Launched in July 2010, just months after the iPad reached retail, Flipboard effectively reinvented print periodicals for the tablet form factor, aggregating content from a vast range of publishers, news sources and social networks to create touchscreen-enabled, swipe-friendly personalized magazines bolstered by a growing arsenal of customization tools, multimedia features and sharing options. The free Flipboard app also spearheaded a revolution in digital advertising, introducing full-page, click-through ads that emphasize both design sophistication and reader relevance.
Four years after hitting Apple's App Store, Flipboard boasts more than 100 million active readers and adds 250,000 to 300,000 users every day. The company touts direct partnerships with more than 8,000 publishers.
It's not the type of plane either Kent Brantly or Nancy Writebol likely planned to take home.
But when health officials evacuate the two American aid workers infected with Ebola in west Africa, it will be the plane they take.
The Centers for Disease Control and Prevention has outfitted a Gulfstream jet with an isolation pod designed and built by the U.S. Defense Department, the CDC and a private company. The pod, officially called an Aeromedical Biological Containment System, is a portable, tent like device that ensures the flight crew and others on the flight remain safe from an infectious disease.
I had traveled from New York to Nairobi to learn how to do exactly this—to pay for things with a phone—and to understand why Kenya has gained a reputation as the mobile payments future. Almost everyone in the country uses M-pesa (M, for mobile;pesa is payment in Swahili) to transfer money from one phone to another via encrypted short message service, or SMS. In all, there are about 18.2 million active customers in a nation twice the size of Colorado.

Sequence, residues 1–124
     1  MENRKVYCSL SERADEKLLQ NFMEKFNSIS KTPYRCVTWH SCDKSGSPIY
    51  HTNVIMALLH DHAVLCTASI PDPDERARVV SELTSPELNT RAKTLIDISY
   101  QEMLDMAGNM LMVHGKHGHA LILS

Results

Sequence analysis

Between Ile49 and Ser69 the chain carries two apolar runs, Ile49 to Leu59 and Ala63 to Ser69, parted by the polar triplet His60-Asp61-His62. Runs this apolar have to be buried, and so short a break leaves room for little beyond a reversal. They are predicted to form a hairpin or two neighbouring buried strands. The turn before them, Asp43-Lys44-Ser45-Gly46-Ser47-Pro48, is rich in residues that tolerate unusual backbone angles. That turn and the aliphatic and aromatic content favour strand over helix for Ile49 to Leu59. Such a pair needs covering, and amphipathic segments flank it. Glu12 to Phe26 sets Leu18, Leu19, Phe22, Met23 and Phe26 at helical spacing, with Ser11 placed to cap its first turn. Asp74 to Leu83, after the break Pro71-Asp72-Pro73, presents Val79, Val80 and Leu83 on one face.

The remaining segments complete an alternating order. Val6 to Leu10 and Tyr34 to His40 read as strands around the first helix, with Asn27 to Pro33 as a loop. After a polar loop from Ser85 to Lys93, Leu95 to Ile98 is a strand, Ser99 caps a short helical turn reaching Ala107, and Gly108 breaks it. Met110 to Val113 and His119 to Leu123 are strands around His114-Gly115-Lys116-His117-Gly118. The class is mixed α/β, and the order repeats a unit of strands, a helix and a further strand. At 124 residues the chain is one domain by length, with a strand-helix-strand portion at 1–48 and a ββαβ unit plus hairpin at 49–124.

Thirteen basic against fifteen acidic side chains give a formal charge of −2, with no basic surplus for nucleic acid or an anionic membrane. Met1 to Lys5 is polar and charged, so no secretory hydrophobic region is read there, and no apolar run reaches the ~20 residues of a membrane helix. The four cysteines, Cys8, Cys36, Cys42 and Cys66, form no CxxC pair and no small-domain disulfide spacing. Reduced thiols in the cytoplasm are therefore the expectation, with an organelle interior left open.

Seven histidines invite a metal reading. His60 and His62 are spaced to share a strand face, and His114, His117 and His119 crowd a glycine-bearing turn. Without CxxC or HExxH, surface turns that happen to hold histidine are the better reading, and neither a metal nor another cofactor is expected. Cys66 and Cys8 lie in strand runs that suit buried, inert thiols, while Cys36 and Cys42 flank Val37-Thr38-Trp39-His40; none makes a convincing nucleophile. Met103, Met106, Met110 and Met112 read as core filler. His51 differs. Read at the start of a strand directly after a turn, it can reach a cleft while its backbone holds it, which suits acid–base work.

Despite delusions of being an early adopter, I’d never used my phone to pay for anything, not even a macchiato at Starbucks. Also, though I believe myself well-traveled, I’d never even set foot in Africa. All to the better, my editors said; there were already too many self-styled experts on how East Africa was leapfrogging more mature economies on mobile payments. My mission was more grounded: survive a 10-day tour on a phone and nothing but a phone.
At Tesla, Popple could rely on early adopters eager to pay a premium for an electric car. As the new chief executive officer of Proterra, which makes an $850,000 electric bus, he’s got a tougher audience: municipal governments that are used to paying as little as $300,000 for a diesel-guzzler. They’re reluctant to invest so much in the promise of energy savings down the line. Proterra argues that the wait isn’t long. “We’ve seen paybacks against diesel and hybrids in as little as two years and as long as six years,” says Popple. He’s persuaded some powerful backers. On June 18 he announced a $40 million round of investment led by Kleiner Perkins Caufield & Byers (where he remains a partner), GM Ventures (GM), and the Pritzker family’s Tao Invest, bringing Proterra’s total outside funding to $100 million.